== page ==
These comprehensive RBSE Class 10 Social Science Notes History Chapter 5 Print Culture and the Modern World will give a brief overview of all the concepts.
RBSE Class 10 Social Science History Chapter 5 Print Culture and the Modern World
(1) Print Technology – The earliest kind of print technology was developed in Japan and Korea. In China, from 594 A.D. onwards, wood blocks were used for hand . The imperial state in China was the major producer of printed material western printing tecniquies and machanical presses were imported in China. Shenghai became the hub of the new print culture.
(2) Print in Japan – Buddhist missionaries from China introduced hand-printing technology into Japan around A.D. 768-770. The oldest Japanese book printed in A.D. 868, is the Buddhist Sutra’ kitagawa utam aro, bom in Edo in 1753. was widely known for his contributions to an art form called ukiyo (pictures of the floating world).
(3) Coming of Print in Europe – In 1295. Marcopolo a great explorer, returned to after many years of exploration in China. Marcoplo brought the technology of wood block printing to Italy.’Now Italians began producing books with wood blocks and soon the technology: spread to other parts of Europe.
(4) Invention of the Printing press by Johann Gutenberg – Johann Gutenberg invented, the olive printing press which provided the model for the printing press. The first book he printed was the Bible. Between 1450 and 1550, printing presses were set up in most countries of Europe.
(5) The Print Revolution – With the printing press a new reading public emerged. Access, to books created a new culture of reading. Now books could reach out to wider sections of people. Printers began publishing popular ballads and folktales and such books were illustions with pictures. Oral culture entered print and printed material was orally transmitted. The line that oral and reading cultures became blurred.
(6) The Religious Debates – Print created the possibility of wide circulation of ideas and introduced a new world of debate and discussion. In 1517 the religious reformer Martin wrote Ninety Five Thesis criticising many of the practices and rituals of Roman Coath Church. Print and popular religious literature stimulated many distinctive individual interpretations of faith even among little educated working people.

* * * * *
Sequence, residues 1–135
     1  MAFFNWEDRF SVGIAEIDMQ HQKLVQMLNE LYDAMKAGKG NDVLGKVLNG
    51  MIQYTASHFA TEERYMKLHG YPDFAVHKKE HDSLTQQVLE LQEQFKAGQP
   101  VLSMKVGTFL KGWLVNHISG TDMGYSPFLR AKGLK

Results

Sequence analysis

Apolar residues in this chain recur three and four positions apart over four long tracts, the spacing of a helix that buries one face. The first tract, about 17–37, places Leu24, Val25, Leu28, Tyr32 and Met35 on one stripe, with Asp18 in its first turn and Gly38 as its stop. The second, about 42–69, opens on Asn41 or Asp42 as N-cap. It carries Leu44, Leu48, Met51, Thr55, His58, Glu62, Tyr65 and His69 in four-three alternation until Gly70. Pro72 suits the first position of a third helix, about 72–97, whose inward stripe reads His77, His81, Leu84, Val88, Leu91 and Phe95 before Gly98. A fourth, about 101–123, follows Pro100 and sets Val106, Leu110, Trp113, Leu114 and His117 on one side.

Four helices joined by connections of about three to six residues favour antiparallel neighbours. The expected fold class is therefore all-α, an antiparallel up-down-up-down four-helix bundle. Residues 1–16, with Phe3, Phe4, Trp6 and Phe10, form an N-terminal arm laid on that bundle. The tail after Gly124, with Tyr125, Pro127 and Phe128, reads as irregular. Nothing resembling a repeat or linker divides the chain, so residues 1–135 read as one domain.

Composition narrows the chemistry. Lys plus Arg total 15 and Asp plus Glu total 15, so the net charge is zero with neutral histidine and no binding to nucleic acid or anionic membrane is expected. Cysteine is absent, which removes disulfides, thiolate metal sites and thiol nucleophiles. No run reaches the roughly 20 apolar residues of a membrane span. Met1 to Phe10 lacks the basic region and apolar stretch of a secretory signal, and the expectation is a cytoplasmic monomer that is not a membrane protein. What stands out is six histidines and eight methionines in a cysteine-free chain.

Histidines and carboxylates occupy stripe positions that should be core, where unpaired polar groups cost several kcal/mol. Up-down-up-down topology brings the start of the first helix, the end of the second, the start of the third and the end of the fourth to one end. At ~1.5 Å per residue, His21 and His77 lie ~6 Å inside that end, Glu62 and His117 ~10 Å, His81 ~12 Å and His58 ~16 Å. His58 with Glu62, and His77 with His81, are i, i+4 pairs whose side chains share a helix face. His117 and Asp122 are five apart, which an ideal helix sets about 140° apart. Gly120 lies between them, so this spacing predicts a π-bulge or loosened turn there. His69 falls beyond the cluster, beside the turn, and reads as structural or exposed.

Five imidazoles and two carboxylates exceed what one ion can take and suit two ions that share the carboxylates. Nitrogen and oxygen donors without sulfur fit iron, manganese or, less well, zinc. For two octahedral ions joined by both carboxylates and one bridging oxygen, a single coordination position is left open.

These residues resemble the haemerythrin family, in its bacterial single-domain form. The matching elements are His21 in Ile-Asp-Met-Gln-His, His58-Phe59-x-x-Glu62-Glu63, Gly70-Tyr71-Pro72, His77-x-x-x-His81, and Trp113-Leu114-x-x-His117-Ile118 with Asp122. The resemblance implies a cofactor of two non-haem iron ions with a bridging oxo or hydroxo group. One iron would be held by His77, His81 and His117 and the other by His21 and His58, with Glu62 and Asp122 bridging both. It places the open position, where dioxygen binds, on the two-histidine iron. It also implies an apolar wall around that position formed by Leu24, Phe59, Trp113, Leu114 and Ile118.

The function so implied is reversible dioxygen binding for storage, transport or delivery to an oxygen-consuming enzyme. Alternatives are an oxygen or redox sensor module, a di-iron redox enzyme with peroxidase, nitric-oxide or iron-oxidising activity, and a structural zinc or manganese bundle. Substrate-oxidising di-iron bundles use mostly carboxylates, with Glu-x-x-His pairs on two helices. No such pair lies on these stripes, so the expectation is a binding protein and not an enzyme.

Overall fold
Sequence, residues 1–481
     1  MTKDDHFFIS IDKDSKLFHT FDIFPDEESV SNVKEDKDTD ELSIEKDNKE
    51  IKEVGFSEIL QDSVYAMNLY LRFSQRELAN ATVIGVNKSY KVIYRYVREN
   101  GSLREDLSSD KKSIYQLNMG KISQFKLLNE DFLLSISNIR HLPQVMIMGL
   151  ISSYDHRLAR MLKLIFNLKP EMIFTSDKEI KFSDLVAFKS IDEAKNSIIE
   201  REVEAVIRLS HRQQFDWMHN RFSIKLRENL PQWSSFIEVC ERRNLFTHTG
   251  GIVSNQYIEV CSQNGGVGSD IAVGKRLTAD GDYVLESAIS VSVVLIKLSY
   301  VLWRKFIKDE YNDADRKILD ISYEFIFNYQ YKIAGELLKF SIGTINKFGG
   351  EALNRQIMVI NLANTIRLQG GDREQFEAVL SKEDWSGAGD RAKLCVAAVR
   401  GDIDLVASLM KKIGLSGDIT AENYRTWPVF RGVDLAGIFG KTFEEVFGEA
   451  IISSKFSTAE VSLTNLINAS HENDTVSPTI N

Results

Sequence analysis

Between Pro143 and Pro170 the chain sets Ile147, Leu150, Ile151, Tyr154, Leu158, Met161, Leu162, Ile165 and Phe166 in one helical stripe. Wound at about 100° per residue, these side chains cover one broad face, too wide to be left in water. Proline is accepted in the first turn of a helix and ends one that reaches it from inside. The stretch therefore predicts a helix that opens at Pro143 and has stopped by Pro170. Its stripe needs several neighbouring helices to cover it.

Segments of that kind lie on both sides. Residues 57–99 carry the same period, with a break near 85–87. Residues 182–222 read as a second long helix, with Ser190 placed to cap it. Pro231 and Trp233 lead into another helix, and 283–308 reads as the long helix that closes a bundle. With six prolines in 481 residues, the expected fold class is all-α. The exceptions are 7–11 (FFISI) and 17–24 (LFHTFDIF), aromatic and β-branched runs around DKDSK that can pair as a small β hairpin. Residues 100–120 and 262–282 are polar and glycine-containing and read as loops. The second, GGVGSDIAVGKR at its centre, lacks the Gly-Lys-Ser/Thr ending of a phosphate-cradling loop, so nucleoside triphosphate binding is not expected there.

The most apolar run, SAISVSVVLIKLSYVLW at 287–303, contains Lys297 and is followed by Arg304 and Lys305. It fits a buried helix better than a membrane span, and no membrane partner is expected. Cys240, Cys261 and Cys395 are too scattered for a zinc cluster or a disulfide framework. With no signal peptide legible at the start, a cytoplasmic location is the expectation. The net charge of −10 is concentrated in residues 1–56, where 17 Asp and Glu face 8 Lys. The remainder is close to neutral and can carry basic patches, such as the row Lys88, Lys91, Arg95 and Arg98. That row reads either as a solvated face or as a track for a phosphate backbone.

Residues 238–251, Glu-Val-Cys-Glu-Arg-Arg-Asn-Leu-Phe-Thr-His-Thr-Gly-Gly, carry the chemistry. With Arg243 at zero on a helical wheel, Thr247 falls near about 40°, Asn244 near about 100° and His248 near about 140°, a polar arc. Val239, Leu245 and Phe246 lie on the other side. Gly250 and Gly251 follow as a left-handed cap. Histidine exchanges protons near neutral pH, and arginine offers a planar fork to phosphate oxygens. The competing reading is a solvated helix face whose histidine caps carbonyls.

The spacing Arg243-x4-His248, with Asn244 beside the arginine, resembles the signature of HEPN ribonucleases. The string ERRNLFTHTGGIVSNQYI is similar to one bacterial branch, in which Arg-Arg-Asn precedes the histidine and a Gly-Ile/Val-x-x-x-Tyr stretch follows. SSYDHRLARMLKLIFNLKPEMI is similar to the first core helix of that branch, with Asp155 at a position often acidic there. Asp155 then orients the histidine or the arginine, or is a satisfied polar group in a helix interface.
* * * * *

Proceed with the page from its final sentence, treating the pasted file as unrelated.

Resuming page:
(7) The Reading Mania – Through the seventeenth and eighteenth centuries, literacy rates went up in many parts of Europe. As literacy and schools spread in European country there was a virtual reading mania. New- forms of popular literature appeared in print, targetting new audiences. There were almanacs or ritual calendar, along with ballads and folktale. England, chap books were carried by petty pedlars known as chapman and sold for a penny.
(8) Print Culture and French Revolution – Many historians believe that print created the conditions within which French revolution occured.
(9) Children, Women and Workers as New Readers – The nineteenth century saw leaps in mass literacy in Europe, bringing in large numbers of new readers among women and workers.
(10) New Innovations – Through the nineteenth century there were a series of- innovation in printing technology. By the mid-nineteenth century. Richard M. Hove of NewYork had perfected the power driven cylindrical press. In the late nineteenth century’, the offset press was developed which could print up to 6 colours at a time. Nineteenth century periodicals serialised important novels which gave birth to a particular way or writing novels.
(11) Manuscripts before the Age of Print in India – India had a very rich and old traditions of hand written manuscripts in Sanskrit. Arabic, Persian and in many vernacular languages. Manuscripts were copied on palm leaves or on hand made paper. These manuscripts were highly expensive and fragile.
(12) Coming of Print in India – The printing press first came to Goa with Portuguese missionaries in the mid-sixteenth century. By 1674, about 50 books had been printed in the Konkani and in Kanara languages. Catholic priests printed the first Tamil book in year 1579 at Cochin.
(13) Religious Reform and Public Debates – From the early nineteenth century, there were intense debates around religious issues. This was a time of intense controversies between social and religious reforms and the Hindu orthodoxy over matters like widow immolation, monotheism. Brahminical priest hood and idolatry. Raja Rammohan Roy published the Sambad Kaumudi in 1821 and the Hindu orthodoxy published the Samachar Chandrika’ to oppose his opinions. From 1822, two persian newspapers were published—‘Jam-i-Jahan Nama’ and ‘Shamsul Akbbar’. The Deoband seminary published many Fatwas telling Muslim readers how to conduct themselves in their every day lives.
(14) New Forms of Print – By’ the end of the nineteenth century’ a new visual culture was taking place, Raja Ravi Verma produced images for mass circulation. By’ the 1870, caricatures and cartoons were being published in journals and newspapers commenting on social and political issues. Lives and feelings of women began to be written in particularly clear and intense ways. Women’s reading therefore increased in middle class homes.
(15) Print and Censorship – By the 1820s. the Calcutta Supreme court passed certain regulations to control press freedom and the company began encouraging publication of newspapers praising British rule. In 1835, Governor General Bentinck agreed to revise press laws.